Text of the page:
By Chuck Raasch, USA TODAY
For Sean Carlson, the little stories have added up the most.
moment that his mother, Barbara, said she had made "save the date"
cards for Sean's upcoming wedding to another gay man, Jamie McGonnigal.
The funny story of how Barbara and Jamie first met over a flat tire. The
subtle, then matter-of-fact way that Barbara Carlson, a devout
Catholic, let her son know she had moved past years of doubts and
disagreements and was voting for the gay marriage amendment in Maryland
Barbara, 60, had put literature on that amendment
in a place in her Hyattsvile, Md., home, so that Sean, 28, was sure to
see it. It was her invitation for another talk in a progression of often
stormy conversations over nearly seven years. Many had ended badly,
including one where Sean stormed out of his mother's house and vowed
never to return.
So a conversation about that vote in Maryland,
one of three gay marriage amendments that passed last fall, was not
something he was looking forward to.
"I was afraid of what the
yes-or-no answer would be, and recognizing that if it was a no, I was in
for a three- or four-hour" argument, says Sean, who could not vote on
the measure because he lives in the District of Columbia.
eventual conversation was perfunctory. Of course she would vote yes,
Barbara said. After all, her son was engaged to be married. Later, he
would choke up telling the story about the "cathartic moment" to friends
and work colleagues at the Family Equality Council, a non-profit that
supports gay, lesbian, bisexual and transgender parents, and their
Had the son underestimated the woman who had raised him as a single mother?
"Probably yes," Sean says now.
"I think he always underestimates me," Barbara replies.
fight over same-sex marriage has been going on for decades, and voters
in state after state turned it down. But in 2012, voters in Maryland,
Maine and Washington became the first to approve it at the ballot box.
After the passage of those three initiatives, same-sex couples can now
marry in nine states and the District of Columbia. Combined, these
states and the District comprise 15.8% of the U.S. population. A Supreme
Court decision on gay marriage is expected sometime this spring or
early summer, and if the high court lifts a ban on gay marriage in
California, more than a quarter of the population will live in states
where gay marriage is legal.
Millions of dollars have been spent
on ads defending traditional marriage or arguing for same-sex unions.
Constellations of interest groups still swirl on both sides of the
debate. But beneath it, a gradual shift in public opinion has been
taking place. In a December USA TODAY-Gallup Poll, the 53% who agreed
that same-sex couples should have the same marriage rights as
traditional couples was nearly twice the percentage who said so in 1996.
noticeable, 36% said they had changed their minds about the issue in
the course of their lives, with 35% of them saying they were more
tolerant, 18% more aware, and the rest scattered across varying
responses, including the 8% who said they had decided against gay
That 36% represents millions of stories like the Carlsons', of
families torn and sometimes brought back together. Of clashing
expectations and tenuous resolutions. Of lifetime estrangement.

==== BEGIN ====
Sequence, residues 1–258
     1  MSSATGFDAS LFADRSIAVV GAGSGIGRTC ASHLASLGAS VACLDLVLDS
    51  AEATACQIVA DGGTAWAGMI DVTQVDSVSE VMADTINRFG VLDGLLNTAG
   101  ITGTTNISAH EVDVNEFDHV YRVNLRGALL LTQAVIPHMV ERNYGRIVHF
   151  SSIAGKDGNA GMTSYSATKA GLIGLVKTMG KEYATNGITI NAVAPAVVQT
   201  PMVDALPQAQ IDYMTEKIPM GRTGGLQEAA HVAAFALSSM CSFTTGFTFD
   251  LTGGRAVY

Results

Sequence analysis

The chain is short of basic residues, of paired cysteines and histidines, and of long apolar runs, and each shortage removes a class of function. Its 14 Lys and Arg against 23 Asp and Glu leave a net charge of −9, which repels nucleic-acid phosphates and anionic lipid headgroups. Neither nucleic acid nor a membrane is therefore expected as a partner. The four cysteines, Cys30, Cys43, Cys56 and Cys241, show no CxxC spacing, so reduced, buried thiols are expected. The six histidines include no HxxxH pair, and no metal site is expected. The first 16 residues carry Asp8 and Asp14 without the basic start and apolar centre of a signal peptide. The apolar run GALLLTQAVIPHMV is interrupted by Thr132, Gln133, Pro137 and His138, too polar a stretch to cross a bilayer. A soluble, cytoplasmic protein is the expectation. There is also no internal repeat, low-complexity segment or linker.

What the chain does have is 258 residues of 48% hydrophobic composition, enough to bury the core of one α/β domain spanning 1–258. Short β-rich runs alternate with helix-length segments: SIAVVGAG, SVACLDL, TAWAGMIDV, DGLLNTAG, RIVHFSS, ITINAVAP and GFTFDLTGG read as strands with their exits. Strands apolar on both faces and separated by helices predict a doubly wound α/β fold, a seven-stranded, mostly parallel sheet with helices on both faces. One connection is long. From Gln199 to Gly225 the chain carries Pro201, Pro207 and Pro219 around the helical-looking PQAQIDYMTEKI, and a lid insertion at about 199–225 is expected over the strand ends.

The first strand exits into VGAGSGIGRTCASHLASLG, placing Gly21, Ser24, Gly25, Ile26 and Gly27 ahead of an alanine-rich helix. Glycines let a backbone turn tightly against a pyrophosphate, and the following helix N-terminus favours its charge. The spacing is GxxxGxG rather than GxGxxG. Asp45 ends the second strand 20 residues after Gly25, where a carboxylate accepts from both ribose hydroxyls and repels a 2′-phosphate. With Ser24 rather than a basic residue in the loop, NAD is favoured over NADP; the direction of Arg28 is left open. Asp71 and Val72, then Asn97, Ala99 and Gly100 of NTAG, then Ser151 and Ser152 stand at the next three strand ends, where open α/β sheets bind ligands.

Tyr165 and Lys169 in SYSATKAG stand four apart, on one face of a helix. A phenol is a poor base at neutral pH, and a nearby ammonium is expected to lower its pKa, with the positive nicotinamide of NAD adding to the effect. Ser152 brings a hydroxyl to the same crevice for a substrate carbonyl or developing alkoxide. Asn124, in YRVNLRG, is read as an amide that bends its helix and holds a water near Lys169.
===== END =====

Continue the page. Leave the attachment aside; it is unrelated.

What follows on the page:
Underneath the din of the public debate, these private conversations are
where the changes are taking place.
The more weddings of gay,
lesbian, bisexual and transgender people, the more these conversations
will ensue, says Ken Mehlman, the former chairman of the Republican
National Committee, who came out in 2010.
"I've been to seven
weddings for gay couples this year and met guests at each who had never
been to one before," says. Mehlmann, who is working on Project Right
Side, an initiative to build conservative support for same-sex marriage.
"And what they and I see at the wedding are love, commitment, a
willingness to put someone else before yourself. In short, family
values. And what they often say to me or others is 'No matter what I
thought about this issue before, this is a good thing for the couple,
their family and society.'"
'You are my son'
Sean Carlson told his mother he was gay during the 2005 Christmas break
while home from his studies at Duquesne University, "it took me awhile
to process it," she recalls. "At the time, I probably reacted the way
many parents would. I looked at him and said, 'Above all, you are my
son, and I love you as my son.'"
Sean remembers it less charitably.
don't want to contradict you, but maybe we see things differently on
that," he tells his mother. "I can remember some knock-down, drag-out
fights about the fact that I didn't feel that you did actually accept me
that way. I think there is a big difference between understanding what
the words are, and how that actually equates to my living experience."
Later, he says, "the kind of support I would expect to get, I don't think was always there."
Carlson had grown up a strong Catholic and raised her son that way. The
church's position on homosexuality is clear. The priest abuse scandal
had already made her question her faith, she says, and so when her son
came out, the questions it raised and the conflict that ensued sent her
adrift from the church for a short time.
She eventually came back, she says, through a "faith renewal."
What brought her back? "My belief in God," she says.
still believes in God, but no longer considers himself a Catholic. The
church of his childhood, he says, does not treat him as a "whole